Tuesday, July 2, 2013

Two for Tuesday - Bits o' Metal!

Hello? Ok, we’re back…new month, new Two for Tuesday series. This one is inspired by my love of That Metal Show, your home for all things hard rock and heavy metal. I’ve been going through a resurgence of heavier stuff the past few years, initially as a nostalgia thing, but now just thoroughly enjoying it to the point of exploring some of the new acts out there. We’ll look into some of those later, but for now let’s jump back a bunch of years and to another continent.

I think I’ve mentioned my fondness for German group Scorpions and particularly their earlier stuff from the 70s. Their first long-time lead guitarist was Uli Jon Roth, one of the proponents of neo-classical metal and inventor of the Sky Guitar. He was with Scorpions from ’74-’77, participating in four albums, writing several classic tunes, delivering some great solos and even some lead vocals. None of the songs from this era are ones you’ll likely hear on even hard rock or hair metal stations, but they certainly set the stage for signature tunes to come and the universal success that Scorpions would enjoy in the 80s. After leaving Scorpions, Roth formed Electric Sun, which released three great albums of sometimes straightforward, sometimes experimental guitar rock, and after that he began composing classical music…none of which I’ve heard, but I’m sure it, you know, rocks.

Anyway, here’s a couple of standouts for me, the title track from Scorpion’s 1976 album Virgin Killer, written by Roth with some insane vocals from Klaus Meine and a blistering solo from Roth. Also, here’s my current favorite (it changes with each listen) from Electric Sun’s Earthquake (1979), the rockin’ Sundown.

Tuesday, June 11, 2013

Two for Tuesday

I'm a bit behind with these, but that's how it goes sometimes.

At any rate, today's 24T comes from Ohio's Afghan Whigs, whose brand of Motown punk made albums like Congregation and 1965 critical high points of 90s alt-rock, even though they were scandalously overlooked by the public in favor of more watered down flavors associated with the "grunge" movement. Greg Dulli, if half of what he sings about is true, is a bad dude, but not so much in a sinister way than a realist one. He got to the dirt of the matter with relationships, wailing his smoky lungs out while the band chugged and slashed furiously behind him. Even in their more subdued moods the danger was always present, an unsettling reminder that the quietest moments can be wrecked by a human presence.

Today's offerings come from their early and mid career - Retarded from 1990's Up In It, which was the first indication of the fury to come (Dulli's yelling on this song gives Black Francis a run for his money), and the title track from 1994's Gentlemen - quite possibly the meanest, nastiest album ever written (if you're a girl).

Friday, May 24, 2013

Birthday Salute

In celebration of Uncle Bob's b'day, it's all Dylan, all day.

Let me get you started with a song that inspired a band name, the Birthday Salutes, the nobody would agree to.

Tuesday, May 21, 2013

Two for Tuesday

Of all the most strangely enigmatic groups to exist, Felt has got to be in the top 10 or so. Helmed by the equally mysterious Lawrence (aka Lawrence Hayward), they crafted a brand of music that started as minimalist “art rock” (their first single was simply Lawrence banging on a guitar and moaning into a tape recorder) and evolved into lush and intricate pop that dabbled in folk, dance and jazz. 

Lawrence’s vision was to produce ten albums and ten singles in ten years, which he did, and then broke up the band. So absolute was his power that, according to legend, he dismissed an early drummer for having curly hair, albums could only have an even numbers of songs (which isn’t always the case, but mostly) and there are absolutely no cymbals on any of the first three albums. And yet having said that, their album Train Above the City is an instrumental album of essentially lounge jazz workouts where he performed in absolutely no capacity – but did name all the songs.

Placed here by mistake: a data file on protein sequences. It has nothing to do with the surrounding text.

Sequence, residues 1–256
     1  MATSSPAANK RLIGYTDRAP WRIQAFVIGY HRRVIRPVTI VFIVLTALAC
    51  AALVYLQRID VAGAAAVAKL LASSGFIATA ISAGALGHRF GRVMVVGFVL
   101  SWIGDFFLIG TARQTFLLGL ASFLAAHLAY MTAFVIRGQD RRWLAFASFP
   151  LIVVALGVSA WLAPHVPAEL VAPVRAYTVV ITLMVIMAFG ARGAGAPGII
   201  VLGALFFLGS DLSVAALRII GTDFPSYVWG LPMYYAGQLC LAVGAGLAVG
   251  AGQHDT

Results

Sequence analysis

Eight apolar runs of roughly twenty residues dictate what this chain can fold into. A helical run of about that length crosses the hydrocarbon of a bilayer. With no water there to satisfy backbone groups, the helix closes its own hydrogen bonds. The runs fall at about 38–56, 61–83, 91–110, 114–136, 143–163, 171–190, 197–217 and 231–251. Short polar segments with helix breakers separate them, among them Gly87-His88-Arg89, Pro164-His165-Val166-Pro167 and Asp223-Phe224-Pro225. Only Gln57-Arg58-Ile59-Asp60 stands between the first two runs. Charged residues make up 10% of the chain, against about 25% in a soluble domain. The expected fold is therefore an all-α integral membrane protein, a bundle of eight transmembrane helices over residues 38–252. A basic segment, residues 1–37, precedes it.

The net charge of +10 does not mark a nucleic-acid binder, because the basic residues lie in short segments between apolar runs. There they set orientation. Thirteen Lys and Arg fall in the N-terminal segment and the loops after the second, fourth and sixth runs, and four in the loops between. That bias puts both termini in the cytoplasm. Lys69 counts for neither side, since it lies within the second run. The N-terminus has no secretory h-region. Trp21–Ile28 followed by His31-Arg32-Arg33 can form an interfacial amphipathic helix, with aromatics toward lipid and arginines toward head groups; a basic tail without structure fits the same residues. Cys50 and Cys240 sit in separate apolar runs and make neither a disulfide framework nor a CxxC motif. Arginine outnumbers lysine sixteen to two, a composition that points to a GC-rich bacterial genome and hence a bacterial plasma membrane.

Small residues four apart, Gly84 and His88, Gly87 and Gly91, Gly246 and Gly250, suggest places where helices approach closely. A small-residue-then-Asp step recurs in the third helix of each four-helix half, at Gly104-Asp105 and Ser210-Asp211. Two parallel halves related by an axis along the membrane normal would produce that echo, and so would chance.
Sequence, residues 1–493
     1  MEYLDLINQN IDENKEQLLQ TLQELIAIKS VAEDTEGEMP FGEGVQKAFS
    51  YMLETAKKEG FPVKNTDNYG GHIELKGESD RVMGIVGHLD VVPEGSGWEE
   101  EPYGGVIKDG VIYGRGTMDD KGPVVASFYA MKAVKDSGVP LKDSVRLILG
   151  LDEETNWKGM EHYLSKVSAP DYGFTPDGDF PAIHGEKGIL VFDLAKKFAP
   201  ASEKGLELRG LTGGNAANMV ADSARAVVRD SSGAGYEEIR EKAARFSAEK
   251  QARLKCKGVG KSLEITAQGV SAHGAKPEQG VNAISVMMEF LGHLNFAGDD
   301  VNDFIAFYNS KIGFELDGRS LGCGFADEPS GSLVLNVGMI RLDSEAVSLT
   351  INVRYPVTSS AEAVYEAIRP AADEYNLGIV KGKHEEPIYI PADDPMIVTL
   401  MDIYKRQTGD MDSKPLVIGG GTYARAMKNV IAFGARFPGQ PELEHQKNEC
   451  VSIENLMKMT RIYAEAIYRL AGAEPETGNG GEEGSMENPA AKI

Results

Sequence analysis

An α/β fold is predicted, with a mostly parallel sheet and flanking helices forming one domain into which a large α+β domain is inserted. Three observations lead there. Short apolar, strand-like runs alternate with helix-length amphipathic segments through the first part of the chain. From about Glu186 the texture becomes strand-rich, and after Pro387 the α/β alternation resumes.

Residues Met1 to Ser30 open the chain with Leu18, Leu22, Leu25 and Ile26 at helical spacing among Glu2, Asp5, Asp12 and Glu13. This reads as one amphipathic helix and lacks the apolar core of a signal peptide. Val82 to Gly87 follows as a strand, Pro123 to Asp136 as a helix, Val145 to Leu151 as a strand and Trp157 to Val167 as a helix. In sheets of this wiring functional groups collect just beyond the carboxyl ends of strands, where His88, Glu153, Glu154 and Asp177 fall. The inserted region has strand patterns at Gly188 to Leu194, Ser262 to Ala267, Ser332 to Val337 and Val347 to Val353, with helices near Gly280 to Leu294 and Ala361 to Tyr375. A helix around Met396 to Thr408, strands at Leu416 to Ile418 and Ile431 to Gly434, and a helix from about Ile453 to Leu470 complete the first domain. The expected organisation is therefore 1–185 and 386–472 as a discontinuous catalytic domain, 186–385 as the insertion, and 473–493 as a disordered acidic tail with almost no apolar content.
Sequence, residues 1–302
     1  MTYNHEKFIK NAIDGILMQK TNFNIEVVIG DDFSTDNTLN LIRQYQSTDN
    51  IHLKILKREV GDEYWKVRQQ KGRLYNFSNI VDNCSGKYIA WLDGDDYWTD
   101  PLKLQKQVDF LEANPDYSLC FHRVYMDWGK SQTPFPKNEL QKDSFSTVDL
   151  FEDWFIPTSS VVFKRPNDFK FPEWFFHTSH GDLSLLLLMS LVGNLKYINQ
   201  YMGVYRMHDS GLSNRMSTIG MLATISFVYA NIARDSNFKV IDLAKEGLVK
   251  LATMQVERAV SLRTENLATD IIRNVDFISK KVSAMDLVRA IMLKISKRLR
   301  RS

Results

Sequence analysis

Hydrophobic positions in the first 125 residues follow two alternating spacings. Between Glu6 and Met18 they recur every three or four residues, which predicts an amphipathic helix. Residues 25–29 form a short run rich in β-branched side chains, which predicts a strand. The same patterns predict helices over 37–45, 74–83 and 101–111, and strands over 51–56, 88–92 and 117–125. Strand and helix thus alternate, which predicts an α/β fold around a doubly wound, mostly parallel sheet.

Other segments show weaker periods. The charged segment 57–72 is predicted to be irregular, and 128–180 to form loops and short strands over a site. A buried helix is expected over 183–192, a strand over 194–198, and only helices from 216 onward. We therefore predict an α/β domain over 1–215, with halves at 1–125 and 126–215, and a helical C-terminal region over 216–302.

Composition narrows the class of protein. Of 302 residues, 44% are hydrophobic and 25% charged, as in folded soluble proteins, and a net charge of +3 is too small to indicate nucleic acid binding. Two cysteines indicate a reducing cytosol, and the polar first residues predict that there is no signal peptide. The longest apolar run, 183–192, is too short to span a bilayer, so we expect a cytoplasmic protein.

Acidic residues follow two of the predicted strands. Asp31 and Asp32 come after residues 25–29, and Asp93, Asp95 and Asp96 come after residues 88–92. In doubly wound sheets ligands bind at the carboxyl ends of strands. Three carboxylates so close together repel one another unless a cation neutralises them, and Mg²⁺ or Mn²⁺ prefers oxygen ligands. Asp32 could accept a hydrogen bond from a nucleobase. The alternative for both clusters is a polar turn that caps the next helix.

Their first several albums, including their most popular (and somewhat least interesting), Ignite the Seven Cannons, were released on the Cherry Red label. But mid-career until nearly the end, including the aforementioned Train Above the City, everything came out on Creation.

Three of their most brilliant albums are Forever Breathes the Lonely World (1986), Poem of the River (1987) and The Pictorial Jackson Review (1988), when the elaborate noodling of classically trained guitarist Maurice Deebank was replaced by the sweeping organs of Martin Duffy (later of Primal Scream fame). Imagine the Cocteau Twins, musically, with Lou Reed on vocals and you’ve pretty much got the sound of Felt. But don’t let that run you off, because while Lawrence’s voice is rather deadpan, it’s also highly expressive and he gets into your head (and heart) before you know it.

It’s hard to whittle things down to just two, but I’ll give it a shot with All the People I Like are Those That are Dead and She Lives by the Castle

RIP - Ray Manzarek

Yesterday the music world lost a titan with the passing of Ray Manzarek, organist, pianist, harpsichordist, bassist and sometimes vocalist for legendary 60s group, the Doors. While it can’t be argued that Jim Morrison was the iconic focal point of the band, the face that everyone conjures from the mist whenever the icy organ of Light My Fire cuts through the airwaves, I think it’s pretty safe to say that without Ray Manzarek playing that organ, nobody would have ever known Jim Morrison’s name.

Ray’s technical prowess was unquestionable, but his ability to maintain both lead and rhythm instruments, to accent and augment Jim’s wild antics (especially live) and to arrange with fluidity tunes that other members were bringing to the group, is often overlooked by all but the deepest of Doors fans. And honestly, that’s the breaks when you’re not the singer, and Ray always seemed content enough over near the drums, pounding away liked a stooped madman, a little twinkle of “Oh, I know the truth…” ever present in his eye.